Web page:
For the reasons stated above, and for other reasons stated below which will become apparent to those skilled in the art upon reading and understanding the present specification, there is a significant need in the art for a digital variable-delay circuit that can be used in loop-back testing of I/O buffers on IC's, and for methods of using such at digital variable-delay circuits for testing I/O buffers on IC's.
FIG. 1 illustrates a block diagram of an electronic system incorporating at least one digital variable-delay circuit with a voltage-mixing interpolator, in accordance with one embodiment of the invention;
FIG. 2 illustrates a block diagram of a digital delay locked loop circuit with a voltage-mixing interpolator, in accordance with one embodiment of the invention;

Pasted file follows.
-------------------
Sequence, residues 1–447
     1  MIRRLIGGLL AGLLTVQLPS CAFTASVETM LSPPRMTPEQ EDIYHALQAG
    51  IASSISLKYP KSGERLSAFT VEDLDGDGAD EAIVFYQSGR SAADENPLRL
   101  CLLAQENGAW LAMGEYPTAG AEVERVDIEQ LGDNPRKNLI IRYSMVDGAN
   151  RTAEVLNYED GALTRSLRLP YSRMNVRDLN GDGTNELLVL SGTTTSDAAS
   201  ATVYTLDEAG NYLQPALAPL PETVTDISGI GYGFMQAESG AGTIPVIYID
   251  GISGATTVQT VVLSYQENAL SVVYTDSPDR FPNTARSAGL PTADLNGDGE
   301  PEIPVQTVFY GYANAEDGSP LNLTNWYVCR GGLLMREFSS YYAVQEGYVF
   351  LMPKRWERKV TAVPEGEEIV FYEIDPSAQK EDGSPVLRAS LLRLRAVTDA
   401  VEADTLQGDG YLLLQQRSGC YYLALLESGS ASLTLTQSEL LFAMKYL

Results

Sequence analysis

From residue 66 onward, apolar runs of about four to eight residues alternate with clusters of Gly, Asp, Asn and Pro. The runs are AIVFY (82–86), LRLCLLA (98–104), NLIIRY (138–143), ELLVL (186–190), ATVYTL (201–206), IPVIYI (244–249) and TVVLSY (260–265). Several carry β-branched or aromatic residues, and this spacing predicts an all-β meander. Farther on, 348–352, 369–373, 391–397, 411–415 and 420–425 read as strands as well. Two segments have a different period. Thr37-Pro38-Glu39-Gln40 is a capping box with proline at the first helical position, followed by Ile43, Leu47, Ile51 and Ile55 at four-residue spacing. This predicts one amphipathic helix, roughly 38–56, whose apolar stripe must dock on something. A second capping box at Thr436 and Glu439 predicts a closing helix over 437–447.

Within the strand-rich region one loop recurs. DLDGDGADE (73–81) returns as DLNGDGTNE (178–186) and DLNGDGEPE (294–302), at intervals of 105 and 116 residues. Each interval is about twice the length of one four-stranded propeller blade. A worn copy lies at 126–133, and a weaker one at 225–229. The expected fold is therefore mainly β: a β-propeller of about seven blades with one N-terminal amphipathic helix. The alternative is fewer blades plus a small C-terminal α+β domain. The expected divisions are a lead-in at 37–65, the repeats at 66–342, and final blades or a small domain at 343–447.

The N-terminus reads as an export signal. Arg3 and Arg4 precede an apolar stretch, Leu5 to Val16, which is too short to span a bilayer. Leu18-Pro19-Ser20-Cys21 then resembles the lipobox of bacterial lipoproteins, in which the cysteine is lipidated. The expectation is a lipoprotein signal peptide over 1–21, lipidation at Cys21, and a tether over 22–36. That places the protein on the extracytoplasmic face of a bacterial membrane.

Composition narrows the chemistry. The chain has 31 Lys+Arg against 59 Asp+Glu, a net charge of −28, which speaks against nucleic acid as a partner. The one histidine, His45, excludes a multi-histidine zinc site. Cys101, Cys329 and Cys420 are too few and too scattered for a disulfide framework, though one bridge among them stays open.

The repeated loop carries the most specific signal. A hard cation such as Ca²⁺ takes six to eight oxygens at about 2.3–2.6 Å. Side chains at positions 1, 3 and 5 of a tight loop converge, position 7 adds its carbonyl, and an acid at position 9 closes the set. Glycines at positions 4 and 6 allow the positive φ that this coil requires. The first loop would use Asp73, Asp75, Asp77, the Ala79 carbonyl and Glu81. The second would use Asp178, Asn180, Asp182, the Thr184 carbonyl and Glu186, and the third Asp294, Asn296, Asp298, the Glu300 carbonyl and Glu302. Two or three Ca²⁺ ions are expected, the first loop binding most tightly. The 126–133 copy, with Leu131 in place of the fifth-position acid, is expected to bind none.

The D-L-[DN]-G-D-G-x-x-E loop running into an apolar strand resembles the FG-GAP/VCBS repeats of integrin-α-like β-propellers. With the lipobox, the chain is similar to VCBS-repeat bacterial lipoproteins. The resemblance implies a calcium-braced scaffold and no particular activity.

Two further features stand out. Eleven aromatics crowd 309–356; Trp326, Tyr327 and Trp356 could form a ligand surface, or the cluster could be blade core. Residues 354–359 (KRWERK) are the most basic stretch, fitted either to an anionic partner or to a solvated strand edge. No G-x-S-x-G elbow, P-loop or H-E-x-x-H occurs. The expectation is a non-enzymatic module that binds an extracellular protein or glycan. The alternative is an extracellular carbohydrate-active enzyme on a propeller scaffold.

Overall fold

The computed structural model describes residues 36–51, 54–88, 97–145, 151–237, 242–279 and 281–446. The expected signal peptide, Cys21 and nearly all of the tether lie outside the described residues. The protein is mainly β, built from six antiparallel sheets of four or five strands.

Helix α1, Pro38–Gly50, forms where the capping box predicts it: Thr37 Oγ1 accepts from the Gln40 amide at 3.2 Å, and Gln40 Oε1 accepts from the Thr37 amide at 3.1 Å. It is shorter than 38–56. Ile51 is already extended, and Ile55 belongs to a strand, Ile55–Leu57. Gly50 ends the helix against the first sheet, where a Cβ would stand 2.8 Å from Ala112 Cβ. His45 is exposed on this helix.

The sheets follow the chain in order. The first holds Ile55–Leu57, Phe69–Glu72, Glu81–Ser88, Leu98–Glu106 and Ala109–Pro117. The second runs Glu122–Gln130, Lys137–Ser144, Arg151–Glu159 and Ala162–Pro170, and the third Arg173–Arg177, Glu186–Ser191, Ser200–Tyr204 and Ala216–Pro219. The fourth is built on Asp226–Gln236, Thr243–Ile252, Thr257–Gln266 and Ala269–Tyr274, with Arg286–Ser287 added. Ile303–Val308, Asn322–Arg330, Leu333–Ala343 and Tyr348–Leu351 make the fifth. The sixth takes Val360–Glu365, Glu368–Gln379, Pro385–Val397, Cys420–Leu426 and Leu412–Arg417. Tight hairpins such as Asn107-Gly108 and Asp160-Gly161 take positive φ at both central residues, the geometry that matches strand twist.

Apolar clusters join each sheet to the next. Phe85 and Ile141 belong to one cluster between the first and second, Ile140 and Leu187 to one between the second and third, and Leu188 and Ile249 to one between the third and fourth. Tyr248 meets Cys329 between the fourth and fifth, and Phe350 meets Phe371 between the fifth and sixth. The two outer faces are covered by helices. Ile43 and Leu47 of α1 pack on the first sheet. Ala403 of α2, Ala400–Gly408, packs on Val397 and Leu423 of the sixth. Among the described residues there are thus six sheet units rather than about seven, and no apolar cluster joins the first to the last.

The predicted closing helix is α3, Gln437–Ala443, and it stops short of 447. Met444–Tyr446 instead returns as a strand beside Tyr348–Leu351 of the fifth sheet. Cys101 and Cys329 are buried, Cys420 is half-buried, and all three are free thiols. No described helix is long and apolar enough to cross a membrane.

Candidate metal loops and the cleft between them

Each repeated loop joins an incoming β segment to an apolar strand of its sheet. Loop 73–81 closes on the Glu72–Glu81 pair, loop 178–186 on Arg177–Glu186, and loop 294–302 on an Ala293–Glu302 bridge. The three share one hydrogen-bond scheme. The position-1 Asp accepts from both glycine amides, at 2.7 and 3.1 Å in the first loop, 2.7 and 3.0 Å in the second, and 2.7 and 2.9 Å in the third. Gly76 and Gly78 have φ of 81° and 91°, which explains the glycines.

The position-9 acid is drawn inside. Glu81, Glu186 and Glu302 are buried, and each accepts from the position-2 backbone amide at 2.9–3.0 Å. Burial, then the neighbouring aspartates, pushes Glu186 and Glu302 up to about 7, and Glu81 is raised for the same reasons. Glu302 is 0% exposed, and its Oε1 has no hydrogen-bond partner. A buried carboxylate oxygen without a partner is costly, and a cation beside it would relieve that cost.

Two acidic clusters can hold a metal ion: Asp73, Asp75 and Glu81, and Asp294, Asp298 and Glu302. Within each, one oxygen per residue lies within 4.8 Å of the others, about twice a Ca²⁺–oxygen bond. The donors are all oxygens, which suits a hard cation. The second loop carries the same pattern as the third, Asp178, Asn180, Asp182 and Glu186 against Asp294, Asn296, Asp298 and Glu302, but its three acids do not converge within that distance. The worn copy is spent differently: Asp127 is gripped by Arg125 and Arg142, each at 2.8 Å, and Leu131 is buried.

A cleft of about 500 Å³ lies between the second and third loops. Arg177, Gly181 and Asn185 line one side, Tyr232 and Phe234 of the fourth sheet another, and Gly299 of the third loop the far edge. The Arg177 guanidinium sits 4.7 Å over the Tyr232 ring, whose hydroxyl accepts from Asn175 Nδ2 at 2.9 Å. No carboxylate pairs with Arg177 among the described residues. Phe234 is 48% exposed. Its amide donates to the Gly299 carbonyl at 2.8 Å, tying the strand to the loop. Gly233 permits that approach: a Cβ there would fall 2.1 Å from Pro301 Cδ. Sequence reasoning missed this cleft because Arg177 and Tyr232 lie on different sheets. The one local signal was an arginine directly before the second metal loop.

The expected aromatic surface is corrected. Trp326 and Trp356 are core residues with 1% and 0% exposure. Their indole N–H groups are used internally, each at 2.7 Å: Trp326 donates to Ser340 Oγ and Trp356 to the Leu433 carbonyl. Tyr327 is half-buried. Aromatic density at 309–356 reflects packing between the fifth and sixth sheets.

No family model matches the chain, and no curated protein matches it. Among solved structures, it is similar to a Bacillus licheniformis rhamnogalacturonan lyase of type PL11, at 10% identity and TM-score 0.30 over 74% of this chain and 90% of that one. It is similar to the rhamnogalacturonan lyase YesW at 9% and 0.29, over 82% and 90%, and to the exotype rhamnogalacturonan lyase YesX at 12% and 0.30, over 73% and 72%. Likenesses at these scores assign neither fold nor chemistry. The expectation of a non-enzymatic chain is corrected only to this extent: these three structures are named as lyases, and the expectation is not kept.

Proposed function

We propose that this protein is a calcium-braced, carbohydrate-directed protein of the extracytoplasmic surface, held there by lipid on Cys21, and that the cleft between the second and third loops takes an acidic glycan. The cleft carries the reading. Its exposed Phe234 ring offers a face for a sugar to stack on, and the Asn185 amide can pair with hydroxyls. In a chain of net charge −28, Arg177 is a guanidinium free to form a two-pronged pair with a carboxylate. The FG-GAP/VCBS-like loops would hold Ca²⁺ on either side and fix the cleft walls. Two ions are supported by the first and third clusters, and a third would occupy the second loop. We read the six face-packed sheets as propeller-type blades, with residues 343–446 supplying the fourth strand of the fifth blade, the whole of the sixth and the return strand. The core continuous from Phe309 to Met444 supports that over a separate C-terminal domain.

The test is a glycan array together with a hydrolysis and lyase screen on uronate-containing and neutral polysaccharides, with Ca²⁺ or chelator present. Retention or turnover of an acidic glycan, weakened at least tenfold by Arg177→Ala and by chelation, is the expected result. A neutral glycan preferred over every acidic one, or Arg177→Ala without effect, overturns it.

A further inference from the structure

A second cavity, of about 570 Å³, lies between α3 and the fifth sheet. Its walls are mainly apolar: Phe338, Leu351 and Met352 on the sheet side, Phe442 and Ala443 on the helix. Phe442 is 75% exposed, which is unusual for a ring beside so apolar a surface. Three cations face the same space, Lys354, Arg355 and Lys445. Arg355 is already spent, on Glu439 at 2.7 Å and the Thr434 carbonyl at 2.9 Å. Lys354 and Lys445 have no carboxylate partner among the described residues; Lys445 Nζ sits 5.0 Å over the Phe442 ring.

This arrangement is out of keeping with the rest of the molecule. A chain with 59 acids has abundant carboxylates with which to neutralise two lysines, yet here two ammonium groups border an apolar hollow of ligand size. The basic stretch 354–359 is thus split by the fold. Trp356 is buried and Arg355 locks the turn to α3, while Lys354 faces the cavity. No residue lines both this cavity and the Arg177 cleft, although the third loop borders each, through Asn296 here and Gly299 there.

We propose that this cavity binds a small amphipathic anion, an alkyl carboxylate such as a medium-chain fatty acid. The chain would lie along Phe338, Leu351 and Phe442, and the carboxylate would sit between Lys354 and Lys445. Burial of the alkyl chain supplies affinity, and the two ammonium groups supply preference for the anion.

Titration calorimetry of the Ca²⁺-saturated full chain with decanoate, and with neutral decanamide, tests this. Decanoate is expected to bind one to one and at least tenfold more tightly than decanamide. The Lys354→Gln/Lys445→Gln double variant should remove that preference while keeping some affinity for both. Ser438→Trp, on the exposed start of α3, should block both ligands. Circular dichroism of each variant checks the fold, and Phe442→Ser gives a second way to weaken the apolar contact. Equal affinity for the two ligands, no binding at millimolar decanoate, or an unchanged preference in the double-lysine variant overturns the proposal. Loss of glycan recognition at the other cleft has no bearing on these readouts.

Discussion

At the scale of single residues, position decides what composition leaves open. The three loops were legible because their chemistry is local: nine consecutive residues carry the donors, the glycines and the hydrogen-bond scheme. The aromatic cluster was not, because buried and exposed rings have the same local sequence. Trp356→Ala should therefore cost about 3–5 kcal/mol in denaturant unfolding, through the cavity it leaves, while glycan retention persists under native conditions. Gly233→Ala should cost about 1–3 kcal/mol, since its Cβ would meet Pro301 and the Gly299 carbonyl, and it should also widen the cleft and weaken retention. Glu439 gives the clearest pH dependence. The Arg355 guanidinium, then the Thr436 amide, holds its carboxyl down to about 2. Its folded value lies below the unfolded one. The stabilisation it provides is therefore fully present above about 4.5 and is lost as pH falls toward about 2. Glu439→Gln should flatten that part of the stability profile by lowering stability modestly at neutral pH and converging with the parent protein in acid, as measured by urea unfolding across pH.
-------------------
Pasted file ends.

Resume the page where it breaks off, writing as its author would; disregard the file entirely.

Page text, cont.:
FIG. 3 illustrates a timing diagram of a 6-cell delay locked loop circuit operating in normal mode, in accordance with one embodiment of the invention;
FIG. 4 illustrates a timing diagram for a data signal, a strobe signal, and a delayed strobe signal of an I/O circuit having a 6-cell delay locked loop circuit operating with 6 taps, in accordance with one embodiment of the invention;
FIG. 5 illustrates a block diagram of a voltage-mixing interpolator, in accordance with an embodiment of the invention;
FIG. 6 illustrates a block diagram of an alternate embodiment of a digital delay locked loop circuit with a voltage-mixing interpolator, in accordance with an alternate embodiment of the invention;
FIG. 7 illustrates the use of a digital variable-delay circuit with a voltage-mixing interpolator to center a strobe within a data cell bit, in accordance with one embodiment of the invention;
FIG. 8 illustrates a flow diagram of a method of generating programmable phase delays on an integrated circuit, including use in normal operation and use in loopback test mode, in accordance with one embodiment of the invention; and
FIG. 9 illustrates a flow diagram of a method of generating programmable phase delays on an integrated circuit, including calibrating a programmable phase delay circuit, in accordance with one embodiment of the invention.